Aces on Bridge — Daily Columns

The Aces on Bridge: Thursday, December 20th, 2012

Beauty is but a flower
Which wrinkles will devour;
Brightness falls from the air;
Queens have died young and fair.

Thomas Nash

West North
Both ♠ A K 8
 6 5 4
 A J 9
♣ K 10 8 4
West East
♠ J 9
 A 10 8
 K Q 7 5 3 2
♣ J 5
♠ 10 7 3 2
 Q 3
 10 4
♣ Q 9 7 3 2
♠ Q 6 5 4
 K J 9 7 2
 8 6
♣ A 6
South West North East
1 Dbl. Pass
2 Pass 2 NT Pass
3 Pass 4 All pass


In this deal, from the 2002 European Championships, Peter Schaltz, South for Denmark, ended in four hearts on the auction shown.

After the lead of the diamond king, taken by dummy’s ace, declarer played a trump to the jack and ace. Norberto Bocchi cashed his diamond queen and continued with a third, letting Duboin ruff in with the heart queen to promote the setting trick in trumps via an uppercut.

In the other room, after the same opening, although North-South identified their heart fit, the Italians chose three no-trump as their final contract, played by North, Lorenzo Lauria.

East led the diamond 10, West played the queen and Lauria ducked. North won the diamond continuation and played a heart to the jack and ace. He won the third diamond and led another heart, allowing East’s queen to hold. As East had no diamond to return, Lauria ended with 10 tricks. The critical moment in the defense was that on the third diamond, East had to discard his heart queen, and that would have left declarer without resource.

Curiously, if West ducks the first diamond (normally sound technique in these positions), Lauria can always make the hand. He wins cheaply, leads a heart up, and East cannot unblock his queen — or West later gets endplayed in diamonds to concede a second heart trick. And if East plays low on the first heart, declarer puts in the jack, wins the second diamond, and ducks a heart to East’s bare queen, as happened at the table.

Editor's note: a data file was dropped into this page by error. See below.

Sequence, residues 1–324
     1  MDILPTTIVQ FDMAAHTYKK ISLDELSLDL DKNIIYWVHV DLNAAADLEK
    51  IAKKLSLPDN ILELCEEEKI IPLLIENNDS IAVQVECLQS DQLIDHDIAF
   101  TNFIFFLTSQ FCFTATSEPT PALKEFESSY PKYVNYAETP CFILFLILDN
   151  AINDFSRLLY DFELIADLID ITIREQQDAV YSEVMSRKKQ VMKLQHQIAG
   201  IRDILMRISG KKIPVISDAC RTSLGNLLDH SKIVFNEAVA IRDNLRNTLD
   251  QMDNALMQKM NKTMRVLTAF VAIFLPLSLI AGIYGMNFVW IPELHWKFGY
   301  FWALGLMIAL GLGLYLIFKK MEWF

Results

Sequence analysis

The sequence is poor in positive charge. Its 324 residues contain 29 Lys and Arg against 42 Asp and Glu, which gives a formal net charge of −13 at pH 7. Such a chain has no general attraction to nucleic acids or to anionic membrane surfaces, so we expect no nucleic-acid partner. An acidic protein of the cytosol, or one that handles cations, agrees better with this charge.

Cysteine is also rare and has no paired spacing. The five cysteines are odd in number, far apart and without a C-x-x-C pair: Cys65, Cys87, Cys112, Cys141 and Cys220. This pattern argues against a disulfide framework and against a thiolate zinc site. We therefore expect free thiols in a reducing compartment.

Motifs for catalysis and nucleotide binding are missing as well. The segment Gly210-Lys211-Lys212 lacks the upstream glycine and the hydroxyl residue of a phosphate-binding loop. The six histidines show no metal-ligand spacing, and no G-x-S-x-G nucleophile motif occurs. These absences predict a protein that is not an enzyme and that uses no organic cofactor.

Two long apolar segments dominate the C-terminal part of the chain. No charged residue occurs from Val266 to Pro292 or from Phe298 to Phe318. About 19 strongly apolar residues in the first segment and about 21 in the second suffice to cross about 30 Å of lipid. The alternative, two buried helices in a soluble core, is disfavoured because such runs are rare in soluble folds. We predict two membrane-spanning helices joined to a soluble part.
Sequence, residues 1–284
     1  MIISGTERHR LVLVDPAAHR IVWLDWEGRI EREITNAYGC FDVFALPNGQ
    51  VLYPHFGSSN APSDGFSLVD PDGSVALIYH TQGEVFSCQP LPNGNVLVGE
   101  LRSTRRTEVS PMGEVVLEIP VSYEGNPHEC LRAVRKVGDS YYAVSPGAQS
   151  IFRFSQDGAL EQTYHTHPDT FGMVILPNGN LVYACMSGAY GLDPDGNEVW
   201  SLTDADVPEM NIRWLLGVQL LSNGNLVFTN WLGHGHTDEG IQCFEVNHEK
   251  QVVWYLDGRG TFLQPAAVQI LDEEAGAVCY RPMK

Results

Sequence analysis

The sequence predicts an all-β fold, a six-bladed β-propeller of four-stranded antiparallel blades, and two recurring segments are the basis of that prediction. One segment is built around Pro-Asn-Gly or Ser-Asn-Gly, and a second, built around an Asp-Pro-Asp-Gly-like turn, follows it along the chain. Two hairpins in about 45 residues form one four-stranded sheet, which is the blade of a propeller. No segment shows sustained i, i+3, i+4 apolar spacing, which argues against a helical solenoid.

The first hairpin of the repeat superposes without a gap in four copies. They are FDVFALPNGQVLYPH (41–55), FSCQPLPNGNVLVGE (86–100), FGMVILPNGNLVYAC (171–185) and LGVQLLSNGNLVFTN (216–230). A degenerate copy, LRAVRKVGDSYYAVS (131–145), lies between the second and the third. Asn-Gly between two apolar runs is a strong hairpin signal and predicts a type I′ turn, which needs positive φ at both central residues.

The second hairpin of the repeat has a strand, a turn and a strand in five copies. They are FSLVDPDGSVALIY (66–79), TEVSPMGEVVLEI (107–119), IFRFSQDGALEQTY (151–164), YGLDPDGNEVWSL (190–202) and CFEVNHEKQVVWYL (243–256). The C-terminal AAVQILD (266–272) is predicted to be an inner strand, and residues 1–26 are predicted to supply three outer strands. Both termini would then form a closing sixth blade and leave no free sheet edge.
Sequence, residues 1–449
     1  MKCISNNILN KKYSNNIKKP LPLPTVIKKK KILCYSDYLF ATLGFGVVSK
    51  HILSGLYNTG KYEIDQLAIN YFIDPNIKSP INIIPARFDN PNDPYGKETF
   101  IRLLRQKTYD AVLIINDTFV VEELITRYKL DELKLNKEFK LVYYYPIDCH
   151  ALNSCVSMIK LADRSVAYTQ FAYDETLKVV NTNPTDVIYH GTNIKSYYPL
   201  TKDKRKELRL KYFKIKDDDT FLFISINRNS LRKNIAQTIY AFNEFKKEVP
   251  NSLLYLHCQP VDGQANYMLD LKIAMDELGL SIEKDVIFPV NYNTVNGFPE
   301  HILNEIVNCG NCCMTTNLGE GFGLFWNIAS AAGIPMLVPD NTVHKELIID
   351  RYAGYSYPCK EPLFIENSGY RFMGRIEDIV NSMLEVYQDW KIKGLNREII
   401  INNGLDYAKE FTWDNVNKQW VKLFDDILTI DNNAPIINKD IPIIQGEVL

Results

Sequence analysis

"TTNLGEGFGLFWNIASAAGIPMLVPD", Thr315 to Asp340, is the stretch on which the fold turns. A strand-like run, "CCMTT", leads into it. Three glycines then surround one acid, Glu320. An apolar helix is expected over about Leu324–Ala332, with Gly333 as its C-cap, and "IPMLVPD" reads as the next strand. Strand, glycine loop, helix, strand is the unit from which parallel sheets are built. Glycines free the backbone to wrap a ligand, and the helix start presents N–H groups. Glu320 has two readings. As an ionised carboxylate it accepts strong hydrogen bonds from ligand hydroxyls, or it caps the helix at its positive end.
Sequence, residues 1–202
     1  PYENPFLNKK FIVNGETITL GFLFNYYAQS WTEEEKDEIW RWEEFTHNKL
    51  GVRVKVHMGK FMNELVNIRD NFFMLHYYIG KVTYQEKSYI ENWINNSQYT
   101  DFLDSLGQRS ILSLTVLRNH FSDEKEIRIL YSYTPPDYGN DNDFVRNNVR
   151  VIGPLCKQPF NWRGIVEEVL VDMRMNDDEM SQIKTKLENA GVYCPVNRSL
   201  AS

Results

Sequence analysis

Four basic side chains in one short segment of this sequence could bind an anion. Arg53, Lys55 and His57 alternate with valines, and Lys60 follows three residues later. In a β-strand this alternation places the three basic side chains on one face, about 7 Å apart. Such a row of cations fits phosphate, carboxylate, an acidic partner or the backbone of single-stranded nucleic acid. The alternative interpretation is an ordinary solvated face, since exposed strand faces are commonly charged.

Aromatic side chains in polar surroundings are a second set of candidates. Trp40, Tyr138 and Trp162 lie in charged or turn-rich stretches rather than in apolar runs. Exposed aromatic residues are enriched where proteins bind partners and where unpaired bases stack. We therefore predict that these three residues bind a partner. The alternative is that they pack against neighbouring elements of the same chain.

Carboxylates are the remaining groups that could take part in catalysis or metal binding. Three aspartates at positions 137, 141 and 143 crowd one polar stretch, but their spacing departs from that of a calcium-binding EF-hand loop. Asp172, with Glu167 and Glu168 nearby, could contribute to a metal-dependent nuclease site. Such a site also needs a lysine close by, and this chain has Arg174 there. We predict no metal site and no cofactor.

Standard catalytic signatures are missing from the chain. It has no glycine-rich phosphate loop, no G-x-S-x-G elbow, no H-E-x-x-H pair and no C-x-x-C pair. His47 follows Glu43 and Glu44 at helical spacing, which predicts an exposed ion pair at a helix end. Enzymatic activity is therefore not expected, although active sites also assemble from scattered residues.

The choice here is between a simple preference to two diamonds, which understates your values while insuring the plus-score, and the aggressive call of two no-trump. The no-trump call is my choice, while the rebid in diamonds would be an underbid, but both are better than rebidding the hearts, which would guarantee six or a better suit than this.


♠ Q 6 5 4
 K J 9 7 2
 8 6
♣ A 6
South West North East
1 Pass
1 Pass 2♣ Pass

For details of Bobby Wolff’s autobiography, The Lone Wolff, contact If you would like to contact Bobby Wolff, please leave a comment at this blog. Reproduced with permission of United Feature Syndicate, Inc., Copyright 2012. If you are interested in reprinting The Aces on Bridge column, contact


Iain ClimieJanuary 3rd, 2013 at 11:34 am

Hi Mr. Wolff,

A small extra point here – against 3N East could play the HQ on the first round of the suit after declarer has won the second diamond. Declarer now has to duck to stop West having another H entry.


Iain Climie

Iain ClimieJanuary 3rd, 2013 at 11:40 am

PS As the play went vs 3NT east dozed off – the HQ is no use regardless of the H10’s location and she could be a hindrance.

Patrick CheuJanuary 3rd, 2013 at 5:04 pm

Hi Bobby, think north’s hand being 4333 and xxx in hearts, three no-trump is quite a good contract,diamonds AJ9.If west has KQ10xxx diamonds, the ten diamonds is still the correct card cos west has only one certain entry.I concur with two no-trump in Bid with The Aces, as it is a similar problem,that I once upon a time sent!Best Regards-Patrick.

bobbywolffJanuary 3rd, 2013 at 5:09 pm

Hi Iain,

Yes, after Lauria’s initial duck, East, as you deftly pointed out, should rise with the queen of hearts, enticing declarer to swallow it with the king, to his ultimate demise.

However, can declarer be severely faulted for falling for that ruse. Suppose North would also have possessed the jack of spades to go with his ace and king. He would then be delighted to cover with the king of hearts knowing now he had his nine tricks, 4 spades, 1 heart, 2 diamonds and 2 clubs and partner, particularly ones who have neither the manners nor the expertise to already have figured what partner was trying to do, might then chastise his partner for making it so easy for declarer and why wouldn’t he make it more difficult for him by playing low instead of the queen?